Collingwood faces tricky decision
Durham 452 (Mustard 91, Richardson 80) and 178 for 5 (Richardson 53*, Middlebrook 4-39) lead Northamptonshire 378 (Spriegel 97) by 252 runs
Paul Collingwood is faced with picking the right moment to declare 12 months on from a decision that almost had a significant bearing on the title. He may have been unlucky in seeing his side lose to Yorkshire last April but that result with doubtless affect his thinking here.
Durham, who have bolstered a thin squad by signing Kumar Sangakkara for a month before he joins Sri Lanka's tour of England, secured a handy first-innings advantage of 74 and then rolled along at above four-an-over on the third afternoon to give themselves an outside chance of victory.
The wicket remains in good shape and the forecast for day four is again excellent but they took seven wickets in a session-and-a-half earlier in the day and some signs of indifferent bounce suggest Northamptonshire could have to work hard to save this game.
In their third match of last season, Collingwood set Yorkshire 336 to win on the final day at Chester-le-Street and was left to curse the decision as Joe Root made 182 to steer his side to a record chase on the ground. But Root might have been out twice well before his match-winning total and to make over 300 in the final innings at Durham was a statistical anomaly.
Collingwood's decision here will factor in far better conditions for batting than could be envisaged in April, as well as the fact that Northants are not likely to be title rivals later in the season, and that the teams with Championship ambitions will see victory over the regelation favourites as a necessity. Quick runs on the fourth morning should put Durham in a safe position but last April they were seemingly well in the clear too.
"It could be difficult to judge the declaration," Durham's head coach Jon Lewis said. "We'll learn a little about how Northants went about their first innings so we've got a bit more of an idea about their batters and the way they go about scoring. It is quite short in the one corner as well so that's makes it more difficult to judge what runs per over is gettable. We'll need a few more because they scored quite quickly in the first innings."
Collingwood showed a positive intent by helping Durham to press on late in the day. His innings featured consecutive pulls for four off Steven Crook and a six over long-on off James Middlebrook, who had initially stemmed Durham's progress with three wickets and a catch at slip. He added Collingwood's wicket shortly before the close.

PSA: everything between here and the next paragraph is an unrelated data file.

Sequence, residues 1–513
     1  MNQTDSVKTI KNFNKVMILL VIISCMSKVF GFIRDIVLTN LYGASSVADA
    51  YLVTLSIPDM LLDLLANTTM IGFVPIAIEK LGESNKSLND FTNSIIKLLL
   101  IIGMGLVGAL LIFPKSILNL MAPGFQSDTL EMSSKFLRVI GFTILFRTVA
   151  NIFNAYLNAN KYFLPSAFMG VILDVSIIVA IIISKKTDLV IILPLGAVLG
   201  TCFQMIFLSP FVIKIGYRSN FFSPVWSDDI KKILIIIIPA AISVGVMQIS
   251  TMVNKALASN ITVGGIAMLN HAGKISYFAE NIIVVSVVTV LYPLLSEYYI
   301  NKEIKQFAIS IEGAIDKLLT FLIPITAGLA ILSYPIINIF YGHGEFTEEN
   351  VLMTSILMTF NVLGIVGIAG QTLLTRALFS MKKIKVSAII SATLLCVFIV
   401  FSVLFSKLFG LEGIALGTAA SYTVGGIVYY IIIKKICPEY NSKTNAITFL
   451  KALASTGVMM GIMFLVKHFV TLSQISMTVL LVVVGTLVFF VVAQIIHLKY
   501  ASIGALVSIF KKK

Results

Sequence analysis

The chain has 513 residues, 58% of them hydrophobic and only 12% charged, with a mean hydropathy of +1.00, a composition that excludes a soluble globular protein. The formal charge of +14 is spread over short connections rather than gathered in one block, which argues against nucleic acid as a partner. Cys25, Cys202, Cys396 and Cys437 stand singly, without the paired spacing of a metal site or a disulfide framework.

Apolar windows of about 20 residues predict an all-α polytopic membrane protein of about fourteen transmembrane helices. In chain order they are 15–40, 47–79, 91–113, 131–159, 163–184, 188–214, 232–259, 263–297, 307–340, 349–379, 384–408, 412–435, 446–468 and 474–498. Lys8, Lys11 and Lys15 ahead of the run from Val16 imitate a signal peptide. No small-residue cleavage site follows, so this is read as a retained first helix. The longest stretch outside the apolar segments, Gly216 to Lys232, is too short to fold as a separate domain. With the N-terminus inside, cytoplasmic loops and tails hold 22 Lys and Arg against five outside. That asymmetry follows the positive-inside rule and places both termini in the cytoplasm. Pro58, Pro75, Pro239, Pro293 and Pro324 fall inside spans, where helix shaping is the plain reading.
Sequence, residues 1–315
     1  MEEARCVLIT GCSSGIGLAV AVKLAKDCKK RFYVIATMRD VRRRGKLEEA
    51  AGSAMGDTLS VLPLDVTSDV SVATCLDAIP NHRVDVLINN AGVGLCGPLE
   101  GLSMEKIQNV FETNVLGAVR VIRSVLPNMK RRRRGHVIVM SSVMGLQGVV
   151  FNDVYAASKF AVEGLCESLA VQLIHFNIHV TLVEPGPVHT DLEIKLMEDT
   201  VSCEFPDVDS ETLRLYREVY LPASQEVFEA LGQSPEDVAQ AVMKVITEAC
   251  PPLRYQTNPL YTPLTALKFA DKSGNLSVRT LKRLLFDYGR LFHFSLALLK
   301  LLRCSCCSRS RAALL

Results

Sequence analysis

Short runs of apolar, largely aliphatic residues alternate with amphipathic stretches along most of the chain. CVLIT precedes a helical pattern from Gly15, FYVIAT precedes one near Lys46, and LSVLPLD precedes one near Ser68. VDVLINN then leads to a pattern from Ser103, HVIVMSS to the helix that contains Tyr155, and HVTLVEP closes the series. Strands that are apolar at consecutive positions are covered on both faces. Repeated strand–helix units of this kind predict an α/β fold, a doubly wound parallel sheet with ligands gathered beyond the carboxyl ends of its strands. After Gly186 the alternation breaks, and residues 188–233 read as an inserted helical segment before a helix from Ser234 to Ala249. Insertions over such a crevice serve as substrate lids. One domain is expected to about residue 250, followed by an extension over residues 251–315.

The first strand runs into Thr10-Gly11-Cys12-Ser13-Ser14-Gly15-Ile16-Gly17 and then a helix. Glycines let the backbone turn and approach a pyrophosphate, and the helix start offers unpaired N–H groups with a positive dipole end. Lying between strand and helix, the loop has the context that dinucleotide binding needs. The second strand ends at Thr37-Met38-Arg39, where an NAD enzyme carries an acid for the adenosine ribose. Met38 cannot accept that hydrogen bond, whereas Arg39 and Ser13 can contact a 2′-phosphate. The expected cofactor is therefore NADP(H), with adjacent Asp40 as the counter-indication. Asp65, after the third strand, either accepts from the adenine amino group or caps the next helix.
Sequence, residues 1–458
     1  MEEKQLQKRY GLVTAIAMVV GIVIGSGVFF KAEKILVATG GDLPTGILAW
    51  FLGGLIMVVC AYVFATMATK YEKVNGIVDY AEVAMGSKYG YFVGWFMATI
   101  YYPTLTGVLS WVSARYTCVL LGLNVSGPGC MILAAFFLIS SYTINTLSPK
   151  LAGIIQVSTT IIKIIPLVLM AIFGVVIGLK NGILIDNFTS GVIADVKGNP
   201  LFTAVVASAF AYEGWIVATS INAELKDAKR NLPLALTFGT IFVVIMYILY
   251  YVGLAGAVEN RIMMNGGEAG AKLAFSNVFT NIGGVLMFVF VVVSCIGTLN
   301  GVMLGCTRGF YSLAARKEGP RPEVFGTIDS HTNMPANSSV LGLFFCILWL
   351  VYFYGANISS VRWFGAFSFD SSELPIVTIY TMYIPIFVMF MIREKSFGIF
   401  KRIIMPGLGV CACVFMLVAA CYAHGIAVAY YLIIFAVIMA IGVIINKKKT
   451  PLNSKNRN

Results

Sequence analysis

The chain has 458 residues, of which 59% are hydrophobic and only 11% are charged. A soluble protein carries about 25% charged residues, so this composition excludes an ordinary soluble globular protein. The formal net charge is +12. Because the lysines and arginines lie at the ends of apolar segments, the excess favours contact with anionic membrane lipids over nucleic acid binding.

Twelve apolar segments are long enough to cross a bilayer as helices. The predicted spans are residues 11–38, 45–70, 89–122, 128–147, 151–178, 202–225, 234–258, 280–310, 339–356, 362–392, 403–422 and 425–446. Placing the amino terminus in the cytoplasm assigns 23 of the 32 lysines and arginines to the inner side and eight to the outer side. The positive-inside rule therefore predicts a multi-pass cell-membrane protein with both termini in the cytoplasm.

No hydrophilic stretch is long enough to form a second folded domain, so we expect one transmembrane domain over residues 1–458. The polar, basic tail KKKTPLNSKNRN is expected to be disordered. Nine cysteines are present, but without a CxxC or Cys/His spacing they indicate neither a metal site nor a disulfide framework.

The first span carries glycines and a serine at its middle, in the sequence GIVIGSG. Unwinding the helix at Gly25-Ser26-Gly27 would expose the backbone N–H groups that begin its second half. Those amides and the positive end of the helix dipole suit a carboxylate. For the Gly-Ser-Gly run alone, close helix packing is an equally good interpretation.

Middlebrook's catch gave Northants an early strike and a wicket for Maurice Chambers, who bounded up the hill in a quick opening five over spell where he went for only 13 and removed Mark Stoneman for 1; a rare double failure for Stoneman, Durham's second-leading run scorer in 2013.
Their leading run scorer last year was Scott Borthwick. If he has an international future, his batting is most likely to earn him selection. His provided some further evidence why that is likely on the third day at Wantage Road with an indifferent spell with the ball and an effective innings with the bat.
Borthwick's Test debut came almost by default in Sydney after Graeme Swann had abdicated and all confidence in Monty Panesar was lost but he was given a role he could be asked to fulfil against Sri Lanka in June as a slow option alongside four seamers. Moeen Ali is his greatest rival.
In such a position, Borthwick's batting would need to justify selection. He made over 1000 runs in the Championship last season at No. 3 with two of his three centuries coming at Chester-le-Street. He also topped the Durham averages. For England Lions in Sri Lanka, he was back down the order and had some success with the bat and a handful of wickets.
Here he played a punchy innings of 47 in 68 balls as Durham achieved a healthy scoring rate. He struck four boundaries in seven balls shortly after tea but to the second ball he faced of Middlebrook's new spell, rocked back to cut and edged behind.
His earlier spell with the ball featured, like the first innings, a full toss outside off to start, and two other long hops which were cut for four by Steven Crook. But in-between he flighted the ball nicely, lured Rob Newton to drive off an edge to slip and had Matt Spriegel dropped at short leg. He can certainly take wickets and could yet help Durham to victory on day four.
Had Spriegel been taken on 33, Northants could have been following on before the close but instead he took advantage of the miss to make only his second first-class fifty for Northants, the county he joined from Surrey at the end of the 2012 season.
He has mainly been used in one-day cricket and would not have played in this match but for injuries to David Sales and Rob Keogh but he proved his ability against the red ball and steered his side to a fourth batting point, reduced the deficit below a hundred and took some more overs out of the game.
But Spriegel too suffered from centuryphobia - being the eighth player to pass fifty in the match and the eighth player not to make three figures. Michael Richardson could have another go on day four after going to an 85-ball half-century in the last hour of play.
Alex Winter is an editorial assistant at ESPNcricinfo